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Report into death of teen finds impact of separating her from younger sibling was not understood

‘Clare’ was in foster care when she took her own life.

'Clare' (a name used to protect her identity) was in State care since she was two years old.
'Clare' (a name used to protect her identity) was in State care since she was two years old.
Image: Shutterstock/Cindy Goff

AN INDEPENDENT REVIEW of the case in which a 15-year-old girl in foster care took her own life has questioned whether social services fully understood the significance of separating her from her younger sibling.

A report published today by the National Review Panel (NRP) reviews the death of one young person who died while they were in care.

The NRP is an independent body which conducts reviews of instances where children in care die or experience serious incidents.

‘Clare’ (a name used to protect her identity) was in State care since she was two years old.

She was fostered by relatives for the first 14 years and later by a number of short-term and longer term foster placements.

‘Warm, outgoing girl’ 

The report describes Clare as a “warm, attractive, outgoing young girl” who was intelligent and had an active social network.

She is also described as emotionally very fragile and was deeply affected by the deaths of her mother and one of the relatives who had cared for her for many years.

Clare’s younger sibling was placed with a mainstream foster family. The children’s mother died from an overdose when Clare was four.

Initially, placing both children together was considered by social services, with Clare’s relatives expressing a wish to have both children placed with them.

However, Clare’s mother opposed this proposal prior to her death and asked for the two children to be placed together elsewhere. The report states that social services decided to leave the children in their separate placements where they had become settled.

Clare was considered to be well cared for and happy living with her relatives until she was 12 years old. She had regular contact with her sibling, which the review said she valued.

However, a difficult relationship between her relative carers and her sibling’s foster carers meant that the social work department had to supervise contact visits for a number of years.

Self-harm

Following the death of her male relative carer when she was 12, she began to self-harm and expressed suicidal ideation. The relationship between her and the remaining relative carer became strained and she was moved to another placement.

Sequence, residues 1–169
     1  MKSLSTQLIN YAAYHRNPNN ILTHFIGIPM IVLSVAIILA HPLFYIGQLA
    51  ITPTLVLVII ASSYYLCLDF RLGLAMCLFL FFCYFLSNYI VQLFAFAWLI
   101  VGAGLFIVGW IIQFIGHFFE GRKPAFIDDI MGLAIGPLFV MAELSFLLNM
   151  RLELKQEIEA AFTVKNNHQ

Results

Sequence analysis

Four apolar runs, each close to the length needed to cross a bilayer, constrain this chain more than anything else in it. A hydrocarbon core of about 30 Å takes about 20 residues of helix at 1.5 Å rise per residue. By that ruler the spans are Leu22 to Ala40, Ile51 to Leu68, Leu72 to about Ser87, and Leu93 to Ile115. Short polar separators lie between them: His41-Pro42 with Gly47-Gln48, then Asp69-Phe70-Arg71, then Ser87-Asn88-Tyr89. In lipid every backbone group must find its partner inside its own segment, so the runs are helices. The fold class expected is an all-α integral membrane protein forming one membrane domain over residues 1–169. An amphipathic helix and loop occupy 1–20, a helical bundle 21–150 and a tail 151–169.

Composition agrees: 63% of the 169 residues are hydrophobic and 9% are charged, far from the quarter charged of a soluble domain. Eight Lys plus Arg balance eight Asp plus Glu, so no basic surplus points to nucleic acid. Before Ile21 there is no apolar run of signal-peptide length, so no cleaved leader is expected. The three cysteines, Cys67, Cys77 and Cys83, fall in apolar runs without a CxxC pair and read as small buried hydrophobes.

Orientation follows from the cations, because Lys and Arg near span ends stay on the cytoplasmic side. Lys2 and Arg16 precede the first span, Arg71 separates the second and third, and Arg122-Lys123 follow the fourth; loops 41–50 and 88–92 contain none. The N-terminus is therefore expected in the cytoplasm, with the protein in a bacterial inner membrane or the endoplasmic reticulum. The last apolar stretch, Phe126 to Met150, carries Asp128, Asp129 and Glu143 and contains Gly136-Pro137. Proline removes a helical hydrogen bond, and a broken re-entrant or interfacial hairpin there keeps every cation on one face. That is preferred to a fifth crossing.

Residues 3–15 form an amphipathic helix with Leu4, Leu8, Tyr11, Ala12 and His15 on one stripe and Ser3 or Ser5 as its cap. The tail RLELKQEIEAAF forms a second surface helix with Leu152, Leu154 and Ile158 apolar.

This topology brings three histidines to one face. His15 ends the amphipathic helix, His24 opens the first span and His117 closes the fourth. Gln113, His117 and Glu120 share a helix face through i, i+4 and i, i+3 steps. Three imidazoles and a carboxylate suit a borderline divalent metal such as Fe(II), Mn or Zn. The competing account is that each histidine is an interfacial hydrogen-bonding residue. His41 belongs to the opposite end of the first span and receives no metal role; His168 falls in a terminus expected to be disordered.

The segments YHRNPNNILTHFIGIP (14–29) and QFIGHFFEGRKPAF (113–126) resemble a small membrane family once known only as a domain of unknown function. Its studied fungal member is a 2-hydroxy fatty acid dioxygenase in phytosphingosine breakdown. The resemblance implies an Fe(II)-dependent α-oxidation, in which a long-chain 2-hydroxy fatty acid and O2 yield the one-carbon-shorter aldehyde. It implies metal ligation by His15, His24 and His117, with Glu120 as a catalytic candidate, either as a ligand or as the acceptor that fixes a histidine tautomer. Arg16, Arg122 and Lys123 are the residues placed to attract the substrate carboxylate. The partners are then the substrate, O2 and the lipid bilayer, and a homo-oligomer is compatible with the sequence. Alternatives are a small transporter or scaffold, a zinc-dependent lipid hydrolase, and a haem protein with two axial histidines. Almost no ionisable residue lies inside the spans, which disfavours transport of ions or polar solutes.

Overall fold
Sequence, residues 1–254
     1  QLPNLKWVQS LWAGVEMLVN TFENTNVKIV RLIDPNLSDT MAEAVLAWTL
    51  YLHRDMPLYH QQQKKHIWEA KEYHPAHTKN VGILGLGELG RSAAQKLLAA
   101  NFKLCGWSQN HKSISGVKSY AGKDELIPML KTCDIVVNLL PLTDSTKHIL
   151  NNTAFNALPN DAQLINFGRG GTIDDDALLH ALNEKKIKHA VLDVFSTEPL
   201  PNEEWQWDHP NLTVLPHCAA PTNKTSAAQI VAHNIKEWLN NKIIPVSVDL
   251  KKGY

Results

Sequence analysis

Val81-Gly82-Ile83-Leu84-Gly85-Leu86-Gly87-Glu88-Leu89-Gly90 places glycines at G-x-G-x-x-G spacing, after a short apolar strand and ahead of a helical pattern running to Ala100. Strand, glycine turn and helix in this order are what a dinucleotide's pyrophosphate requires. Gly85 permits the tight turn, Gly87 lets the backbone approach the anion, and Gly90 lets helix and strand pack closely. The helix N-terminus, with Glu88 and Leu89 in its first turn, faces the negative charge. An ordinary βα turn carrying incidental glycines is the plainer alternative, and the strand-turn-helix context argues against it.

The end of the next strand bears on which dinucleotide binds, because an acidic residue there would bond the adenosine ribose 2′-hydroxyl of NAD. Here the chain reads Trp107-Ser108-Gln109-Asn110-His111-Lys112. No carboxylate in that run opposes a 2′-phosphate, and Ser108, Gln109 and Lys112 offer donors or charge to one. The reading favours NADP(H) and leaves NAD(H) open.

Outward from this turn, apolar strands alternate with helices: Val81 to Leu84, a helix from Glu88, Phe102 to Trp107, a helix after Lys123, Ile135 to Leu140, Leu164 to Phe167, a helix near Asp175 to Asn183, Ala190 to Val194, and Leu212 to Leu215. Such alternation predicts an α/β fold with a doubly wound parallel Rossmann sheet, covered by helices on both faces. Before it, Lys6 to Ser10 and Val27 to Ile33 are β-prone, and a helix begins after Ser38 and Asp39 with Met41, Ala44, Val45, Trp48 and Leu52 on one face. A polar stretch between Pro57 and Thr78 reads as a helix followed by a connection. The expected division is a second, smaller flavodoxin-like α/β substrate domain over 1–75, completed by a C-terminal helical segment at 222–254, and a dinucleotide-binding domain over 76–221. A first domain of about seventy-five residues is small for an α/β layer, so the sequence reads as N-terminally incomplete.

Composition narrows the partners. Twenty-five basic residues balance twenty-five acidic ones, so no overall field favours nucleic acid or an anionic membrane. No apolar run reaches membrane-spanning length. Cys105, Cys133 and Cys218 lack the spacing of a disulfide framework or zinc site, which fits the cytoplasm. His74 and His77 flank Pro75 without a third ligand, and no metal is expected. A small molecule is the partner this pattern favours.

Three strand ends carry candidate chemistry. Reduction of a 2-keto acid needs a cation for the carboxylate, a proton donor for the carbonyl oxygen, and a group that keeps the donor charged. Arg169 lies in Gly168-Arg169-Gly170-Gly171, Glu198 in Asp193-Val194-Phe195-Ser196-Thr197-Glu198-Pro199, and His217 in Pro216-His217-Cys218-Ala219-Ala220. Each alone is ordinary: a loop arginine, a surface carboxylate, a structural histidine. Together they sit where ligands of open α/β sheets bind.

Following a stay in an emergency placement, Clare moved into a long-term foster placement where she stayed for thirteen months.

Although she appeared to get on well with the foster carers and her self-harming reduced considerably, strains began to emerge as she wanted to spend increasing amounts of time with her boyfriend who was two and a half years older. The report said she had become very emotionally dependent on him.

The relationship with the foster carers was damaged after Clare skipped school and she was found two days later staying in her boyfriend’s home. At this point, social services said it pursued a residential placement.

Later that decision was rescinded upon, as Clare became upset during her introductory visits to the residential home. It was decided that she would remain on a long-term basis with her carer, with whom the review finds she had a good relationship with.

It reports that Clare took her life a few days after the decision about her placement had been made.

Keeping siblings together 

While the report said Clare’s needs were met at the time, it would have “been desirable to place herself and her sibling together”.

“The placement of Clare and her sibling together was considered at different times, but various obstacles were identified, not least of which was the risk of disrupting the stability of their current placements.

“However, there is no evidence that the issue was prioritised for serious consideration as stipulated in the National Standards for Foster Care and it is not clear that the significance of separating them was fully understood,” finds the report.

The report also cites that there were periods when Clare was in care when she had no allocated social worker. The longest she was without a social worker was when she was between nine and eleven years old.

“This, together with the fact that no fostering link worker was allocated to the family at the time, represented a breach of compliance with Child in Care Regulations,” states the report.

Dr Helen Buckley, Chair of the National Review Panel, said the main learning point from this review concerns the matter of placing siblings together and the importance of keeping them in contact with each other.

Research indicates that contact with siblings often represents what children value most in family life. It is recommended that if siblings cannot be placed together, practitioners should reflect on what precisely this means for them, and do their best to facilitate the contact that the children want.

If you need to talk, contact:

  • Samaritans 116 123 or email jo@samaritans.org

  • Aware 1800 804848 (depression, anxiety)

  • Pieta House 1800 247247 or email mary@pieta.ie – (suicide, self-harm)

  • Teen-Line Ireland 1800 833634 (for ages 13 to 19)

  • Childline 1800 666666 (for under 18s) 

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